Picture credit: Daniel Cheung/

I realise that the title of this blog seems harsh, but there is method in my madness. So please read on before you write this off as a negative husband-bashing post.

When you are in a long-term relationship (ours is 16 years and still going strong), there are bound to be times that your partner irritates you or makes, what you consider to be, mistakes. This is particularly heightened when you first have a baby and you are both trying to find your feet and roles in parenthood. The whole relationship dynamic changes and you go from being a carefree couple to being parents. It’s a tough time for even the strongest relationships. I’ve never understood why people have a baby to “save their relationship”. Yes, it does help you to bond in the most amazing way and I do love my husband more so now that I see how much he loves our daughter, but I also find, at times, that I want to repeatedly punch him in the face.

So this is the story of why everything my husband does (or did) is wrong and how we overcame it:

My lovely husband Grump has a couple of bad habits. One is losing everything he owns all the time and the other is not listening to me, which leads him to ‘get things wrong’. He claims I nag him too much, but seeing as he never listens, I have to repeat things over and over again. It’s a vicious circle and something I’m sure happens with many other couples.

An example of this is when we got takeaway at a friend’s house. The boys went out to order and collect the food, while the girls stayed in and gossiped. I asked for a chicken balti. This is exactly the same dish I order every time we have a curry (remember, we’ve been together for a LONG time. That’s a lot of curries). When Grump got back with the food, he handed me a chicken korma. Those of you who know me well will understand that this made me very cross. I am in to my food in a big way; curry is my favourite food and I always look forward it. I also get the hanger, but that’s a whole separate blog post.

The main problem was that I wanted a balti. I was looking forward to a balti. And second, korma isn’t a real curry. It is a sweet, soppy mess. It was gross and I was angry and hungry. When asked why he had ordered me a korma, Grump admitted that he hadn’t been listening and tried to guess what I wanted. My friend’s girlfriend wanted a korma, so they presumed I wanted the same. How could he not know which curry I like after 16 years?

Another example was when I sent Grump food shopping. Normally I give him a list, but as this was for a couple of things, I didn’t think he needed one. How wrong I was. Sometimes he tries too hard to get the right thing and it causes him to question his judgement, which means he ends up getting the wrong thing. I can tell that you think I am an unreasonable, horrible wife right now, but food is very important to me. Anyway, I asked him for a chicken pie, but with the puff-pasty top and not the shortcrust, because I don’t like it. He told me he spent ages deliberating over which pie to buy. Guess what he bought me? Yes, a shortcrust chicken pie. To make things worse, his steak-and-ale pie was puff pastry, so I made him swap with me as a punishment (he’s not a fan of chicken pie).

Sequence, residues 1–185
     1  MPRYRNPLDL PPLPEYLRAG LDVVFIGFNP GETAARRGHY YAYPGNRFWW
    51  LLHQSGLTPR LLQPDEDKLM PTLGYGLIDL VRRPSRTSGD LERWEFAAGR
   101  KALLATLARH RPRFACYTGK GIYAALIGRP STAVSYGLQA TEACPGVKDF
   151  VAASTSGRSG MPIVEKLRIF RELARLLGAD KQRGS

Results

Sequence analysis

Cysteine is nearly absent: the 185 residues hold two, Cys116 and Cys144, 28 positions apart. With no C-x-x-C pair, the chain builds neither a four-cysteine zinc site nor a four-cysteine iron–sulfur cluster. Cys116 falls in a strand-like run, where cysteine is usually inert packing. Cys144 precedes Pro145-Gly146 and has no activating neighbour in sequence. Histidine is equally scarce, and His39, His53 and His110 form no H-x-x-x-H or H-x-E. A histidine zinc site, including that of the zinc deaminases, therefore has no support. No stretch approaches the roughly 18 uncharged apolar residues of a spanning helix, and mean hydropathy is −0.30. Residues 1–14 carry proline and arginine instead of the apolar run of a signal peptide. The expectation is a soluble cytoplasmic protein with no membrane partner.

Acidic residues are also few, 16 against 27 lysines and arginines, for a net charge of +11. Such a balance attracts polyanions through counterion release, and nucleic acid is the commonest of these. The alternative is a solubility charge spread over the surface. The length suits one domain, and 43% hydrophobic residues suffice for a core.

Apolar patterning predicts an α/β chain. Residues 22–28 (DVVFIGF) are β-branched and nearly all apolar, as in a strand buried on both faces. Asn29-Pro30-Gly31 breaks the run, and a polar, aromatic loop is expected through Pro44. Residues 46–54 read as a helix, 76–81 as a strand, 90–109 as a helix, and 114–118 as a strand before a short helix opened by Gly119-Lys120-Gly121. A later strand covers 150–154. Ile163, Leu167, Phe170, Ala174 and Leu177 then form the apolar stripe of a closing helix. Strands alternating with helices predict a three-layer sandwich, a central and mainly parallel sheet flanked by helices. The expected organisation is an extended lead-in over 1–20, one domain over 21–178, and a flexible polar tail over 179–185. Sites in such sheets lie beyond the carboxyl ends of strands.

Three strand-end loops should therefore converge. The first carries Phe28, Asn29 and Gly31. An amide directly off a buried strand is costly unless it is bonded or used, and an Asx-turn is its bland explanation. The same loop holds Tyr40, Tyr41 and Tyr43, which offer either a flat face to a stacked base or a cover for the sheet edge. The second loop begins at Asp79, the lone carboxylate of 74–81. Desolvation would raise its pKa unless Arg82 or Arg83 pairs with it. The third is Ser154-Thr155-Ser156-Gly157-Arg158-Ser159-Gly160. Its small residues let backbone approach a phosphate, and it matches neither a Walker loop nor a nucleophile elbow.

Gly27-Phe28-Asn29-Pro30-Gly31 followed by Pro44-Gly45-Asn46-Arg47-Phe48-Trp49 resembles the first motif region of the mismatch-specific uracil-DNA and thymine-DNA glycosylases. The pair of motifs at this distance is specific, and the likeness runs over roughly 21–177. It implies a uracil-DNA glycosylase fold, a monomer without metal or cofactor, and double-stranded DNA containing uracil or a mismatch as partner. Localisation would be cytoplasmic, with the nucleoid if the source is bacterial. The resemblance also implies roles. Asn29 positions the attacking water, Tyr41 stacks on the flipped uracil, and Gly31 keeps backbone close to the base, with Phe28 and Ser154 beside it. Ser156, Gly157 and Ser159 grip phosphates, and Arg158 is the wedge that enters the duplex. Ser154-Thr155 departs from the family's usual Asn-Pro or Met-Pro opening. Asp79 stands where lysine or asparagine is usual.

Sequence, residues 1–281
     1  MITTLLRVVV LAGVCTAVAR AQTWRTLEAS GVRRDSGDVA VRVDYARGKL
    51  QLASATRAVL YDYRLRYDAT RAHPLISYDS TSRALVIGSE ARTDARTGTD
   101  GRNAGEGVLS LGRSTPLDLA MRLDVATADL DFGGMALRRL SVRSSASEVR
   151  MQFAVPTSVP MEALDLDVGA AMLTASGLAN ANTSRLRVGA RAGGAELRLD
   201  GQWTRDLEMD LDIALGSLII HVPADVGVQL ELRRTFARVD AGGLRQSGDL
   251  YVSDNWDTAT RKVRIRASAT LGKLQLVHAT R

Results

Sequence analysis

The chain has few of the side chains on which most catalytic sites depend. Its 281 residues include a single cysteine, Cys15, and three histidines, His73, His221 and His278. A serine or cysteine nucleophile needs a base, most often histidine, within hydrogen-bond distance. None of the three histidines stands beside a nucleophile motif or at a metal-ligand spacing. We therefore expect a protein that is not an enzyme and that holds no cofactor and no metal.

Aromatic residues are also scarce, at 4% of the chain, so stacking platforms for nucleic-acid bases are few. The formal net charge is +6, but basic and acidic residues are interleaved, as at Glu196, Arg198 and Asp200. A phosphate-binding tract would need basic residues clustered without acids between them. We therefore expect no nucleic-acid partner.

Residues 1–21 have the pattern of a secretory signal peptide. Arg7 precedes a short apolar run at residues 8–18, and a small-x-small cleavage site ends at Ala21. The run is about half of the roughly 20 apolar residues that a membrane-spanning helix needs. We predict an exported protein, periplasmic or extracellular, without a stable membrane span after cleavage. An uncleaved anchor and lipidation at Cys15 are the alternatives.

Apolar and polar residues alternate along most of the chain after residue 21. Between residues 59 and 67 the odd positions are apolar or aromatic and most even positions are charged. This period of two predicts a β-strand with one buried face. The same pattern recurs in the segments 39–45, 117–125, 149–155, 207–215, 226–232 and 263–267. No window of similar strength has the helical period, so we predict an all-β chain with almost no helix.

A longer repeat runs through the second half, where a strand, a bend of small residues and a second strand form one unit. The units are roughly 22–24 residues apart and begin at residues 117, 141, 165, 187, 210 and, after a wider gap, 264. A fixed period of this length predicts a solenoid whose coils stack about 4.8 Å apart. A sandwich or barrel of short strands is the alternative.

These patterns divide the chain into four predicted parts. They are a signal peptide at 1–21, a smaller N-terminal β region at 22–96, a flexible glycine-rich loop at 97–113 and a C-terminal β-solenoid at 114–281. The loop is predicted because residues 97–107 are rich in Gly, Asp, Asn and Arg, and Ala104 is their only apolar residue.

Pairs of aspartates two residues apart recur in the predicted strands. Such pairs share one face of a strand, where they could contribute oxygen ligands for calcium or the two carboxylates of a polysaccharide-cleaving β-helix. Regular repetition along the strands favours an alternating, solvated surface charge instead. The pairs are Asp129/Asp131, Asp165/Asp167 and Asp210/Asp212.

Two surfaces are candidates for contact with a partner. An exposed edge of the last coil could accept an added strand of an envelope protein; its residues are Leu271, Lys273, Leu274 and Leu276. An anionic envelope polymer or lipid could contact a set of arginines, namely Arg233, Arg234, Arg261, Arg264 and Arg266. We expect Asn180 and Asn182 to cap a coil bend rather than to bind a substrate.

The point of this blog post is not actually to slate my husband, although I’ve done a pretty good job so far (love you really Grump). But these sort of niggly issues certainly came to a head in the first three months of our baby’s life. When Grump was on paternity leave in the first two weeks, we shared most of the parental duties, but because I was breastfeeding, much of the primary care fell to me. Once Grump had gone back to work, I was fully in charge. Eventually the J and I got into some kind of routine and I started the learn all her little quirks. This meant I was the one to comfort her, with Grump taking a bit of a back seat at times.

Grump was and still is a very hands-on dad. Unfortunately, he tends to do things differently to me. I think our brains are wired in polar opposite ways. Whenever he helped out with the baby, I would tell him he was doing it wrong. I spent a good few weeks criticising everything he did and trying to tell him how to do it ‘properly’. This culminated in both of us getting frustrated, snapping at each other and generally being miserable. I should’ve been grateful for his help, but I suppose as a new mum I wanted everything with the baby to be perfect and that meant doing it my way.

As time has gone on and I’ve grown in confidence as a mother, I have let go of some control. It also helped that Grump sat me down and told me that he felt that he couldn’t do anything right and it was upsetting him. I made him feel like a bad father. When he said those words to me, it hit me like a lightning bolt and I had a deep, dark sinking feeling in my stomach. How could I make someone I love so much feel that way? I felt terrible that I had put him down so much and I vowed to change my ways.

I do still have the odd moment of panic when he starts throwing the J up into the air far too close to the ceiling or gets her all excited just before nap time, but I have learned to be a bit more diplomatic with him. I will suggest rather than criticise. We are more of a team now and it feels good.

These days, the ways we feed, bathe, soothe and settle our baby are different, but neither are right or wrong. We do what works for us. Plus babies change so quickly, something that worked one day can change the next. I can see how having a baby could tear a couple apart, but I feel that we are stronger for it. We are a family unit.

He still loses the majority of his possessions on a daily basis and blames it on me, but Grump is an amazing husband and father, and I am thankful every day that I’m going through this journey with him by my side. Oh and next time darling, I’ll have a chicken balti.

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